“As their wedding day grew nearer and plans got underway, things were admittedly a little hectic and Steve must have felt somewhat out of his depth with the endless talk about dresses, photographers and bouquets. But, there was absolutely no sign of his growing uncertainty – or, if there was, nobody noticed.
“I will never forget the morning that my beautiful daughter faced the most humiliating and indescribable pain. Dressed in bridal attire she looked every inch the radiant bride until Steve’s phone call shattered the illusion and sent us all into a state of shocked disbelief. Apparently, our prospective son-in-law had been harbouring doubts as to God’s direction for his future. Somehow Steve had misinterpreted the divine plan and Jenny was not, after all, meant to part of his life.
“To be honest, being jilted on her wedding day was the worst experience of Jenny’s life, but it was equally devastating for us as a family. The day was a complete nightmare, as my husband and I set about cancelling the ceremony, reception and notifying guests. The phone rang non stop with sympathetic calls from friends and relatives. It was awful.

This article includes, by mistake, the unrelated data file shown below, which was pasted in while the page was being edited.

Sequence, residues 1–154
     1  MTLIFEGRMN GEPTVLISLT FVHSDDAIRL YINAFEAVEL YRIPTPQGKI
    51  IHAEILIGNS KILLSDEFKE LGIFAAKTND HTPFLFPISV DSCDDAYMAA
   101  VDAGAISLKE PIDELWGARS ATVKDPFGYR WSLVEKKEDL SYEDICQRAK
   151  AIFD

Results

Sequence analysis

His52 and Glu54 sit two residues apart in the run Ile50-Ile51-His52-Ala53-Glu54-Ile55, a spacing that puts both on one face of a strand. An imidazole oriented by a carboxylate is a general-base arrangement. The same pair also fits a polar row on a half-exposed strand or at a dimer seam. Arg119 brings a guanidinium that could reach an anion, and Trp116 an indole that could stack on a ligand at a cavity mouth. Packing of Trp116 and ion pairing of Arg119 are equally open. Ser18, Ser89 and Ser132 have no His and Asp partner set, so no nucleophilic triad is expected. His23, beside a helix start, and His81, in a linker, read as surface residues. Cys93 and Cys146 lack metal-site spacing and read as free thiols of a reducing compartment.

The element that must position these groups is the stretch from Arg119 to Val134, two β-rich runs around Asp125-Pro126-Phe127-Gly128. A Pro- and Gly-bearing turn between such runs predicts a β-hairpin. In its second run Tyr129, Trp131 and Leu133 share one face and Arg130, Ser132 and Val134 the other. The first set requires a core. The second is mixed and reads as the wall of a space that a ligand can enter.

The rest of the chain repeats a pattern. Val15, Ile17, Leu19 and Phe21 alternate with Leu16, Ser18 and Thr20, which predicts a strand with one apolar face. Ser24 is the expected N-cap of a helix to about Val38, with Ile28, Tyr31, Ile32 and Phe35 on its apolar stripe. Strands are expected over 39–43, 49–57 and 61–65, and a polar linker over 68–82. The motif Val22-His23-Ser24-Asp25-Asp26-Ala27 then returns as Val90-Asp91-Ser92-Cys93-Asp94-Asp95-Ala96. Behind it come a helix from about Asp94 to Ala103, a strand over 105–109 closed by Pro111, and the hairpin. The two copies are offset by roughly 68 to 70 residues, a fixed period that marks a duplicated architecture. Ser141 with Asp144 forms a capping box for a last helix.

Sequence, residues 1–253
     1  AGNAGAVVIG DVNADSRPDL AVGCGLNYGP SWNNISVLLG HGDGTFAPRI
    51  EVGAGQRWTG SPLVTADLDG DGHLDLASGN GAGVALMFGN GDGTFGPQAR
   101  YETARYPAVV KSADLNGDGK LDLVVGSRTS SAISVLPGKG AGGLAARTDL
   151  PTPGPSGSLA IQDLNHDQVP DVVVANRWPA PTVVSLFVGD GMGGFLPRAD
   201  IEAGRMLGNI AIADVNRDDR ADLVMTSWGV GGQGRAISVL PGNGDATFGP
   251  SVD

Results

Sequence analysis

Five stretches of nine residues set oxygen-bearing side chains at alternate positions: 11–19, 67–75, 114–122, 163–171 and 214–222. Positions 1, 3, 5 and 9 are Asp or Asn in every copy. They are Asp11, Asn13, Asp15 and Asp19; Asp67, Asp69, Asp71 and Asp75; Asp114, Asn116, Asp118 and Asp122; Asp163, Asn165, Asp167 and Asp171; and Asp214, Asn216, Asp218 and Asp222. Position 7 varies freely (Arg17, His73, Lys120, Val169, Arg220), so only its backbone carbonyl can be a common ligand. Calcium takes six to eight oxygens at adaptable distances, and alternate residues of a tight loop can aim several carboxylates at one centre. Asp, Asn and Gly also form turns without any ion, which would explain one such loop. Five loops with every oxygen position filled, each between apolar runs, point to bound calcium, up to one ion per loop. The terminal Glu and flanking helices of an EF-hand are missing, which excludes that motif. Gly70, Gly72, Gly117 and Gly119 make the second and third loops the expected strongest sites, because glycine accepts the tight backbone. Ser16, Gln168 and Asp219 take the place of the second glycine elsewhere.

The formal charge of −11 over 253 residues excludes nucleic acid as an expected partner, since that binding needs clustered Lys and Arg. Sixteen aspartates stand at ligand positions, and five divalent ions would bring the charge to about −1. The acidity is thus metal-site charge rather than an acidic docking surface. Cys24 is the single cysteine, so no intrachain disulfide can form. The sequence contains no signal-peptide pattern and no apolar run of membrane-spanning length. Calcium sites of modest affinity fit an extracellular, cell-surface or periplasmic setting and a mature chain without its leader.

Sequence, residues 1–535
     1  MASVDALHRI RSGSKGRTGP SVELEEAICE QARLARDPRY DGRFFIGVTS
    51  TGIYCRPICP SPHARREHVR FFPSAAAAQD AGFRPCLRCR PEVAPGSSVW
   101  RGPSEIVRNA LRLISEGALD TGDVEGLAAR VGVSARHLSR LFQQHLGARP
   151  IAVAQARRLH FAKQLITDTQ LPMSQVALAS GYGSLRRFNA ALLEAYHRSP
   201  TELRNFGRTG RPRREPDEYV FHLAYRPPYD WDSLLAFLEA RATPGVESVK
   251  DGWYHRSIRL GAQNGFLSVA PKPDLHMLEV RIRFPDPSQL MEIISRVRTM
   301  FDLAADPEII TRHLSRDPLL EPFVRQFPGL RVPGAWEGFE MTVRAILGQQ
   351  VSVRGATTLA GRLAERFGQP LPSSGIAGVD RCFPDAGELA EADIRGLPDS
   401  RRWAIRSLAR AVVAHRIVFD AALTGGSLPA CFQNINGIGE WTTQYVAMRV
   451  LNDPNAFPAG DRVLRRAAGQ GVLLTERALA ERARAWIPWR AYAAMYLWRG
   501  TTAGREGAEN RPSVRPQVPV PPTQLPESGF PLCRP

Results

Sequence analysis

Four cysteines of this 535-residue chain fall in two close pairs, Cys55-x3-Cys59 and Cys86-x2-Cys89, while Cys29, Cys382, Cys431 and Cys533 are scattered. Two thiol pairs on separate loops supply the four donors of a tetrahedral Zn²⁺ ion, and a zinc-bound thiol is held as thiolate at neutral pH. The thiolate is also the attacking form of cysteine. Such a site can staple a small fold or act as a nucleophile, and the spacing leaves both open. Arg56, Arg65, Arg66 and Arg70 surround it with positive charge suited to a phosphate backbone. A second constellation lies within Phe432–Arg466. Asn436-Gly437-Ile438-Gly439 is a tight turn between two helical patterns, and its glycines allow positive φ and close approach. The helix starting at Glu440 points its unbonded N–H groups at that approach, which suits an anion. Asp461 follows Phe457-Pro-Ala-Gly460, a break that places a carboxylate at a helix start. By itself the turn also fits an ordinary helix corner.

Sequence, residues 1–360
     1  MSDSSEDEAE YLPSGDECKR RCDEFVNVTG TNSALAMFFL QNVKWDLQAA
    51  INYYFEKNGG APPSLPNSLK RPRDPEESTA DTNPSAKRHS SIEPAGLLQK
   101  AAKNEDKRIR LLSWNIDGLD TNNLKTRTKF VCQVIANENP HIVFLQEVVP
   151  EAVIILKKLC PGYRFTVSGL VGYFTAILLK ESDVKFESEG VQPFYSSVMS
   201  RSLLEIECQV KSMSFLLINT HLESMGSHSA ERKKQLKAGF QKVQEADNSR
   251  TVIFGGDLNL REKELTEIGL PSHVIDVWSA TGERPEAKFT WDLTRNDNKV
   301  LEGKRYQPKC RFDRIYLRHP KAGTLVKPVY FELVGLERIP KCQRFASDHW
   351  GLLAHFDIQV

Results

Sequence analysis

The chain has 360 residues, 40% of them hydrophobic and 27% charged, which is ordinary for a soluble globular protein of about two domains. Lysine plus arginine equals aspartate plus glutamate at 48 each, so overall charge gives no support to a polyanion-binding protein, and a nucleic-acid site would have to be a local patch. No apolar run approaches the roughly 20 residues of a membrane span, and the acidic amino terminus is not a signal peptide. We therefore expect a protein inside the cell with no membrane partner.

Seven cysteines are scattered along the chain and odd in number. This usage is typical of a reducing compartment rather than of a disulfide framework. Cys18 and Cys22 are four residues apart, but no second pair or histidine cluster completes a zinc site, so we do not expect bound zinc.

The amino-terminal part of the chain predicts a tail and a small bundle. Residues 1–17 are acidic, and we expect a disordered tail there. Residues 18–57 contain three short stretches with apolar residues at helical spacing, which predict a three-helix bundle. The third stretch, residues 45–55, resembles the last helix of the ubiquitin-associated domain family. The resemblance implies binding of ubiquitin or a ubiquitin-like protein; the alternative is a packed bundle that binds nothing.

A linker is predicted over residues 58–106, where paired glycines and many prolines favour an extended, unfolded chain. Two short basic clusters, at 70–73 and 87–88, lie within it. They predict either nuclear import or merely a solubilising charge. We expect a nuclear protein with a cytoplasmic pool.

“For the next couple of months, I lay awake listening to my daughter’s sobs while trying to stifle my own. I have to admit that parenting an adult is the worst stage in the game. When our kids are young, it is so easy to solve their innocent problems. But maturity brings complexities that we are not qualified to handle.
“As a mum, I wanted to throttle Steve for what he did to Jenny. Yet as a Christian, I knew that I had to forgive him and believe that God would turn everything to our good. The experience was indescribably awful but, today, Jenny is happily married to a man that, with hindsight, is much more suited to her than Steve.